Crystals are Cool: Making Rock Candy

Wish I Had Noted the Name
Creative Commons License photo credit: biggertree

There are so many different kinds of crystals all around us, but just what are they anyway?

Put simply, a crystal is a grouping of molecules or atoms that is organized in a specific way.  Every crystal has a unique shape and properties that make it recognizable.  In today’s experiment, we will be working with sugar crystals which are oblong and slanted on the ends.

There are a couple of things going on that contribute to the growth of sugar crystals in this experiment.  First, you will be creating a supersaturated solution by heating a saturated sugar solution and allowing it to cool.

Supersaturated solutions are solutions that are so full (of sugar in this case), that they are unstable.  The solution you will create will contain more sugar (the solute) than it can hold in a liquid form.  Therefore, the sugar must come out of solution – forming what is called a precipitate (also known as yummy rock candy).  The second mechanism that helps to form the sugar crystals is evaporation.  Slowly, the water evaporates from your solution.  As this happens the solution becomes even more saturated with sugar and the sugar will continue to come out of the solution and form sugar crystals.

Blue Sugar
Creative Commons License photo credit: karsten.planz

What you are left with is a delicious science treat!  Make sure to only eat a little at a time and keep the rest sealed in a baggie.  Also, don’t forget to brush your teeth; it is pure sugar after all!  Have fun in your kitchen lab and don’t forget to be safe!  Always include an adult when trying new experiments.

Grab a handy adult; you will need one to do this activity!

Materials:
Granulated sugar – 1 cup
Water – ½ cup
Saucepan
Food coloring
Two canning jars
Spoon

What to do:
1. Dump one cup of sugar and ½ cup of water into your saucepan.  Don’t stir it!
2. Find your adult and have them help you put it onto the stove over medium-high heat.  Wait for the mixture to come to a boil and let it boil for one minute without stirring.  If you want colored rock candy, you may add some food coloring while it boils.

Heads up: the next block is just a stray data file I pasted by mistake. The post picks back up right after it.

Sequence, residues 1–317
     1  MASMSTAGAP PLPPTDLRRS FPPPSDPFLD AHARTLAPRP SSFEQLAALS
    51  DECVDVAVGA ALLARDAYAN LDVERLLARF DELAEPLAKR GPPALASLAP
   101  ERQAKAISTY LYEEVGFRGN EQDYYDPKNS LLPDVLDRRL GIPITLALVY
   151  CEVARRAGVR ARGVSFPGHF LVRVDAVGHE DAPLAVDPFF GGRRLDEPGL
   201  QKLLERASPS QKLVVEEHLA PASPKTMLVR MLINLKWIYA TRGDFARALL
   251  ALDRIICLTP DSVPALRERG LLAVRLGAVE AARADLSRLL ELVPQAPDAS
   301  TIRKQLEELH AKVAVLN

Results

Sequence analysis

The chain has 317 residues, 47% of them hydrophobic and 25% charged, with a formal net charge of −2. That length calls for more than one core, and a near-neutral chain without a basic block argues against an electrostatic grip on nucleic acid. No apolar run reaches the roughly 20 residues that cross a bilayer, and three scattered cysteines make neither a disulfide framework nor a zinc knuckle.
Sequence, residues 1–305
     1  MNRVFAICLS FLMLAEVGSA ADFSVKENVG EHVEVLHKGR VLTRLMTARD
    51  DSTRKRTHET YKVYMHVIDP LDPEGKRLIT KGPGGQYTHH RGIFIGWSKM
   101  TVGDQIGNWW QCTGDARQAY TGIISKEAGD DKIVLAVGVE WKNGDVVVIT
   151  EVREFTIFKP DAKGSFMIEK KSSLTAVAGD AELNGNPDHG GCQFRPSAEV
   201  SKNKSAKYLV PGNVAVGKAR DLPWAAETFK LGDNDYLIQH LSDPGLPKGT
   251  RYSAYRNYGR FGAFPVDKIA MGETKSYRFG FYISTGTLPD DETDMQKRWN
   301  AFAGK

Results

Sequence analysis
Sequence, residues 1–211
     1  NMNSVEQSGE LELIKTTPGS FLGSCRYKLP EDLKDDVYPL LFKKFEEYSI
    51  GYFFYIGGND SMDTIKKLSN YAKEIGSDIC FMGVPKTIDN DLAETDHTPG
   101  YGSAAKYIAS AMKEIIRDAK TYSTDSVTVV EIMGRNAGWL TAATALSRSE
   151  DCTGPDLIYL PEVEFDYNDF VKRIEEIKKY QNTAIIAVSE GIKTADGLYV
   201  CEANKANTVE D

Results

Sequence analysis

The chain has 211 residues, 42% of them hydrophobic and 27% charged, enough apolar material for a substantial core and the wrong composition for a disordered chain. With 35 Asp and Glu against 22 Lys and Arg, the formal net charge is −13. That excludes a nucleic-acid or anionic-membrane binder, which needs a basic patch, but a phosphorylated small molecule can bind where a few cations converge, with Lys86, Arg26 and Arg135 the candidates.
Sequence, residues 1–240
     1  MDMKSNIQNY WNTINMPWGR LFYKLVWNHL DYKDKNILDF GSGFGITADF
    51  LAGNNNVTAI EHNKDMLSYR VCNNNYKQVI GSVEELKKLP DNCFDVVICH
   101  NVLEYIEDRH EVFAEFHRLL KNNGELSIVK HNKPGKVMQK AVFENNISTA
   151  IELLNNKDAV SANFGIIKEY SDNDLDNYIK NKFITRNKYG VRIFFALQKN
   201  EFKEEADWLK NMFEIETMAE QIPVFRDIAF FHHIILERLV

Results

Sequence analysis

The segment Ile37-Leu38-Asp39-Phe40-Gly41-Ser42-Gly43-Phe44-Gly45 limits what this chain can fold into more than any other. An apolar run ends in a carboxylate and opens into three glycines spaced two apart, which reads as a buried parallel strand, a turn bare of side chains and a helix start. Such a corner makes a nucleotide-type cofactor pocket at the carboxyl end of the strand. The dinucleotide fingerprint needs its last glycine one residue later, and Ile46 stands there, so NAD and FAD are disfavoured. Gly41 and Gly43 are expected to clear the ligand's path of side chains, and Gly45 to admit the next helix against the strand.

3. Instruct your handy adult to pour this mixture into the two canning jars.
4. Find a place on your counter that you can let the two jars sit undisturbed for two weeks.
5. Observe them once a day.  Slowly, crystals begin to form.  When you see a crust form on top of the jars, use a spoon to carefully break the crust so the water can continue to evaporate.  Don’t do anything else to your jars other than this!
6. When you feel like you have enough crystals of the right size, have an adult help you remove them from the jar using a dull table knife.
7. Eat and enjoy!  Don’t forget to brush your teeth, it is sugar after all!

HMNS Summer Camps: Survivor

Summer is a time for exploring and growing, and there is no better place for learning and fun than at HMNS Xplorations Summer Camps! Campers can take week-long classes in archaeology, creepy crawlies, the science behind Harry Potter, dinosaurs, robots, crime scene investigation and much more.

dsc_0024
 A handcrafted object to harness the suns energy
and heat up food

Interested in nature? Do you love the outdoors? Then learn how to thrive in the wild. In our survivor camp, kids learn how to survive in harsh environments such as the desert or in the tropical forests. Campers discover how to find water and determine their location from the stars. They build their own water filters and make their own insect repellent.

The kids discuss which animals are dangerous and how to best avoid them. They make their own survival kits. They also learn how to say S.O.S in Morse code.